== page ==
Posted on October 10, 2016 by Bryan Zarpentine
For the second straight season, the Toronto Blue Jays will play in the ALCS. Josh Donaldson raced home from second base on a double-play that was not turned to score the winning run in Game 3 Sunday night, giving the Blue Jays an exhilarating 7-6 walk-off win in the 10th inning and a three-game sweep of the Texas Rangers. Toronto is now 4-0 in the postseason after just barely sneaking into the playoffs on the final day of the regular season and then beating the Baltimore Orioles in the wild card game. They now await the winner between the Cleveland Indians and Boston Red Sox.
“It was definitely fun to be part of a series where the fans are just as involved as we were, given the history that we have with them,” said catcher Russell Martin, referring to the tension between the Blue Jays and Rangers that began last postseason after a Jose Bautista bat flip. “We didn’t really let it get to us. We played good, clean baseball. There wasn’t any bad blood — we just played better and got victories.”
Following that bat flip and Toronto’s win over Texas in last year’s ALDS, the matter between the teams was escalated in May when Texas pitcher Matt Bush hit Bautista with a pitch during a game. Bautista then proceeded to slide hard into second baseman Rougned Odor, who quickly threw a punch at Bautista, causing a benches-clearing brawl between the two teams.
Ironically, Bush and Odor were in the middle of everything when the Blue Jays scored their game-winning run on Sunday. Bush was on the mound and got into trouble after allowing a double to Donaldson, which then forced the Rangers to intentionally walk Edwin Encarnacion. After Bautista struck out, Martin grounded to short on a potential double-play, but the relay throw from Odor was wide of first, prompting Donaldson to sprint home and score the winning run before the Rangers could throw him out.
“The deciding factor was that once I saw the ball get away from him, I felt like I had to take a chance,” Donaldson explains. “In that situation, if he ends up throwing me out, you kind of have to tip your cap to him. But I was banking on the fact that I’m going to make it more times than not.”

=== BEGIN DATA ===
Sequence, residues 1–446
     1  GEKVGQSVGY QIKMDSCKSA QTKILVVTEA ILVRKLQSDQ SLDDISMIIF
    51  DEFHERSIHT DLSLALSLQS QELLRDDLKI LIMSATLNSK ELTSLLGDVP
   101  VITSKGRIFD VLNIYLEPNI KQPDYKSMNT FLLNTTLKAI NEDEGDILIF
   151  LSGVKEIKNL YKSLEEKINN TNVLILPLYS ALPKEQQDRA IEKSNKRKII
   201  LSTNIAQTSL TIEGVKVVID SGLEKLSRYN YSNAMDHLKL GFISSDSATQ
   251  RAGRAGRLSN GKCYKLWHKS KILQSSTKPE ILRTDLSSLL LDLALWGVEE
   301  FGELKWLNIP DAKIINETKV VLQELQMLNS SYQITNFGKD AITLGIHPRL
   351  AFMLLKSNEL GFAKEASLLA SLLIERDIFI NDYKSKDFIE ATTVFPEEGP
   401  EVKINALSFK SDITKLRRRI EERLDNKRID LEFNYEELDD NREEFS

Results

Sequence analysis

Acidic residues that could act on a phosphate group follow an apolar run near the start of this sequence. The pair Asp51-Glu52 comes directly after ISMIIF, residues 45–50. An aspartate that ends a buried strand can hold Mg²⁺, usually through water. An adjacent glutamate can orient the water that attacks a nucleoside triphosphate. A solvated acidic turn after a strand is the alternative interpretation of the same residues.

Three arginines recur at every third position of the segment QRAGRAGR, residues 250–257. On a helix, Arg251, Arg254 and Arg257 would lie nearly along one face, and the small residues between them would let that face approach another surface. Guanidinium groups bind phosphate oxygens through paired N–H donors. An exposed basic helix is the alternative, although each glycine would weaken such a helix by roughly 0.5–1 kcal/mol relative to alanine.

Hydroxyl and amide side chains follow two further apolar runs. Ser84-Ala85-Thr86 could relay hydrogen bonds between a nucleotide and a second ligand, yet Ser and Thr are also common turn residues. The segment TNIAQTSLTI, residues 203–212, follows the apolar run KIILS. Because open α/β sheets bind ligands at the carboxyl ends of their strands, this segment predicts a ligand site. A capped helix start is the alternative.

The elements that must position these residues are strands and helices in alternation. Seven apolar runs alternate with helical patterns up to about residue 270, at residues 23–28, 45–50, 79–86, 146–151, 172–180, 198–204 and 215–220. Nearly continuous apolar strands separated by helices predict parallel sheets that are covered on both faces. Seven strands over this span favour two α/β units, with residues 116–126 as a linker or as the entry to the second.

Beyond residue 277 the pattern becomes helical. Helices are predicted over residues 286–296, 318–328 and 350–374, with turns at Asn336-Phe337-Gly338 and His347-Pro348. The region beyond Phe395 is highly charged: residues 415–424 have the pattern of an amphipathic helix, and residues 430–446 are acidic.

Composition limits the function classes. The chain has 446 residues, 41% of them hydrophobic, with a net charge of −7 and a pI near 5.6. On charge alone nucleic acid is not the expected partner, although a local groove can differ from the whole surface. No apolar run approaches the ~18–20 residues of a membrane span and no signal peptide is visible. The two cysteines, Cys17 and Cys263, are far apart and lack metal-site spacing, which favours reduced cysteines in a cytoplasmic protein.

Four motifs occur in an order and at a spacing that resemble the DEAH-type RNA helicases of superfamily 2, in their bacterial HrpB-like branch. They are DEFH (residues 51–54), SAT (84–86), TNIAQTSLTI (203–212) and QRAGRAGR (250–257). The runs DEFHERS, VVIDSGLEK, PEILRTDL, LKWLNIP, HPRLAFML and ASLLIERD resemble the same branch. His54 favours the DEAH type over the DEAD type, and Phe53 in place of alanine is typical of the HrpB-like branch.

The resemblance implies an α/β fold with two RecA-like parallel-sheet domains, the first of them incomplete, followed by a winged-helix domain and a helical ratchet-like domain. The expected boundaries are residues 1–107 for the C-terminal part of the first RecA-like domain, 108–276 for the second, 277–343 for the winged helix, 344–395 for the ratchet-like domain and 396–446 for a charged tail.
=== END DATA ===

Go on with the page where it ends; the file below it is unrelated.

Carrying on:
“That game-ending play, that’s not a normal big league type of ending to a game,” said Toronto manager John Gibbons after the game. “That’s kind of rare. But a lot of times when things are going your way, that’s the kind of thing that happens.”
Regardless of whether the series between the Red Sox and Indians ends in Game 3 on Monday or lasts five games, the Blue Jays already know they will begin the ALCS on Friday as the road team. That means a four-day layoff for Toronto, but that doesn’t appear to be a concern for the Blue Jays, who have plenty of time to set up their rotation. There are also lingering questions about the health of Roberto Osuna, Francisco Liriano, and Devon Travis, three players who will undoubtedly benefit from added rest.
“Some people like to say that a couple days off might throw our timing off,” Martin said. “I really don’t believe that. At this point in the year, a couple days off can do wonders. For our bullpen, our pitching, it gets everybody’s arms fresh. And the same for the guys who are banged up. A couple days off can go a long way.”
The Blue Jays lost last year’s ALCS to the Kansas City Royals in six games, but they will now get another chance at winning their first American League pennant since 1993. After an impressive sweep of the Rangers, there’s an argument to be made that the Blue Jays should be considered favorites against either Boston or Cleveland, as the Blue Jays appear to have plenty of momentum and confidence heading into the ALCS.